Back in 1991, a young filmmaker named Robert Rodriguez spent about $7,000 shooting his debut feature “El Mariachi.”

A few years and several movies which helped kick start both the 1990s independent film movement and the 1990s Austin film scene later,  he published his diary about the experience in a book called “Rebel Without a Crew.”

Starting March 19, the go90 streaming service (and months later, Rodriguez’s El Rey network), will begin airing a 12-episode reality show called “Rebel Without a Crew.” 

“When I started the idea of the network and what programming we could, I wanted new talent and diverse voices who don’t usually get a shot,” Rodriguez says. “I wanted them to have a training ground and get $7,000 to make a feature and make it like a film school and do what I did: learn how to make an entire movie by yourself.”

Here is the format: Five filmmakers were given $7,000 to shoot and edit their first feature. In addition, Rodriguez himself joined them in making his own movie using the same financial limitations his contestants were using.

The five films premiered at a private screening hosted by El Rey Network and go90 at the Violet Crown Cinemas on March 12. The series and the films will debut on go90 starting March 19.

Any first-time feature maker could submit their feature-length script (they already had to have made a short film). Rodriguez says more than 2,000 entries arrived in a few days.

“It was a blast,” Rodriguez, , whose most recent film is the mega-budget “Alita: Battle Angel,” says. “It’s all just theory, then within days of starting, you take on so much, it’s such a trial by fire that your idea of what is impossible and what is not becomes completely different. 

Left to Right: Bola Ogun, Scarlet Moreno, Alejandro Montoya Marin, Robert Rodriguez, Bonnie-Kathleen Ryan and Josh Stifter at Troublemaker Studios in Austin, TX

The five filmmakers selected are:

* Scarlet Moreno, 28, a Laredo native who lives in Los Angeles who has  written and directed short films and music videos that have premiered at festivals, such as the Austin Sci-Fi Film Festival, Cleveland International Film Festival, Other Worlds, among others.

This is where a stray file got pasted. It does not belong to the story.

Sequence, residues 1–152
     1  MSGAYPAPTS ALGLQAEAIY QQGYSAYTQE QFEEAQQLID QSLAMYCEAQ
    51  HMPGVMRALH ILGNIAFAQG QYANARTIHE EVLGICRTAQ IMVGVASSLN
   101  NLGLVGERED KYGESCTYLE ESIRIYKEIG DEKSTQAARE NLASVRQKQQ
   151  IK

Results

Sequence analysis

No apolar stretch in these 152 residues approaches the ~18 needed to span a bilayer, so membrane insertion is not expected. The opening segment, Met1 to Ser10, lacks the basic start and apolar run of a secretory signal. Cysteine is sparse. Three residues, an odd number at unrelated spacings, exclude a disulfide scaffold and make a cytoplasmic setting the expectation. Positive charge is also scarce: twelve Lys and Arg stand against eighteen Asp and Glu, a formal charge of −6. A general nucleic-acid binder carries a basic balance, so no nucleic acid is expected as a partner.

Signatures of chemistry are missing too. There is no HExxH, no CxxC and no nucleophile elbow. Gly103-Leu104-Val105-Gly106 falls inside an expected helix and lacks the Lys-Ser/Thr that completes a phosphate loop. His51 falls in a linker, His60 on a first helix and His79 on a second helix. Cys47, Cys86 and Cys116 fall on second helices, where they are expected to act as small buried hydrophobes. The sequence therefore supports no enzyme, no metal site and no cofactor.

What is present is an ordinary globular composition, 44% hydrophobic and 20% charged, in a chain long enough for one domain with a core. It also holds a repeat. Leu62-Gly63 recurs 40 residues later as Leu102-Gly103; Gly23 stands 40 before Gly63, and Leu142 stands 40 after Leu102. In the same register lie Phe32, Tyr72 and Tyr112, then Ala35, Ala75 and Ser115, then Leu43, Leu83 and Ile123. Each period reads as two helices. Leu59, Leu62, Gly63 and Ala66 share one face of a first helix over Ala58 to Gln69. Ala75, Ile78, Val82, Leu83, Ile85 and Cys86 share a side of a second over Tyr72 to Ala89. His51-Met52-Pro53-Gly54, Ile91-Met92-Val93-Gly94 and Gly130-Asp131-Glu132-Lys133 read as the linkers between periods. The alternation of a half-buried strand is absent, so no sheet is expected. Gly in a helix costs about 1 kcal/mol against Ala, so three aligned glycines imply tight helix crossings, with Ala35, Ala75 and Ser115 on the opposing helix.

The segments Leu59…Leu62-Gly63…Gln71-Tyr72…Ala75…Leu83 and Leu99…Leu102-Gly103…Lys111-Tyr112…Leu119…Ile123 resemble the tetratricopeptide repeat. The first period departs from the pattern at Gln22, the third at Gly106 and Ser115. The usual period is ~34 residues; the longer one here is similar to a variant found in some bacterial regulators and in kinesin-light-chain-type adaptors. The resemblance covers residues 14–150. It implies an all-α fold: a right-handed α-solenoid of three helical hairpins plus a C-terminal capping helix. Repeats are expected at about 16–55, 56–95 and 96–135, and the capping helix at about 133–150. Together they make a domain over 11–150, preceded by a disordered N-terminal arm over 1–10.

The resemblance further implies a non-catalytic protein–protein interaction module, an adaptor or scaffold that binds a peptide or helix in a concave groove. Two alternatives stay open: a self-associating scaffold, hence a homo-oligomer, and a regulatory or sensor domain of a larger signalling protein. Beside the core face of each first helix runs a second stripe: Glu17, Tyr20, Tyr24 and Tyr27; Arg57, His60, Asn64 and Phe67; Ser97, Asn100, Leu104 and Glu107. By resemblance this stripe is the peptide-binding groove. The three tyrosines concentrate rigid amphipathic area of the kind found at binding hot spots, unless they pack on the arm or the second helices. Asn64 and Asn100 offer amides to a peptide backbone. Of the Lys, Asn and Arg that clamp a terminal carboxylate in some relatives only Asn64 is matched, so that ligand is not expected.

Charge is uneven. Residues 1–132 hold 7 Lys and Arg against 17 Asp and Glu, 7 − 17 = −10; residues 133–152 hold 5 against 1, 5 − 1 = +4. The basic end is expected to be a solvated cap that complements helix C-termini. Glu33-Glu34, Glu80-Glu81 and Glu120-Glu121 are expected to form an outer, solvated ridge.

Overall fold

* Josh Stifter, 32, of Crystal, Minn. who has made 2-D animations for Kevin Smith's podcast and a Christian media company.

* Alejandro Montoya Marin, 35, was born in Laredo, raised in Monterrey, Mexico and lives in Albuquerque, New Mexico. He has made short films, videos and commercials.

* Bola Ogun, 31, is a first-generation Nigerian-American born and raised in Dallas. She is an alumni of the AFI Directing Workshop for Women and  prdoduced the Emmy campaign music video for CW’s “Crazy Ex-Girlfriend” and has made various shorts.

* Bonnie Kathleen "BK" Ryan, 29, is from Columbia, South Carolina and lives in Los Angeles. Her short film “Three Legged Dog” took home "Best Dark Comedy Short 2017" at the Atlanta Underground Film Festival. She is also an actor.

While the $7,000 remained the same, today’s filmmakers had a massive technical advantage over the Rodriguez of 1991: digital cameras. Which means zero money spent buying and processing film.

“In terms of equipment, $7,000 goes a lot further now than it did then,” Rodriguez says. “(On “Mariachi”) most of my money went to buying film and developing film.”

Then again, the show stipulates the contestants’ movies have to be done, which means they have to consider how much of that $7,000 is going to, say, a location or music or effects.

Rodriguez emphasizes that this one-person-against-the-world theory of production means that by the end of the shoot, the novice filmmakers understand all of the parts of movie making -- production design, lights, sound, editing -- very well indeed. 

“It’s very empowering so when you do go work with other people, you know how to do all of these jobs,” Rodriguez says. 

RELATED: The “Alita: Battle Angel” trailer is here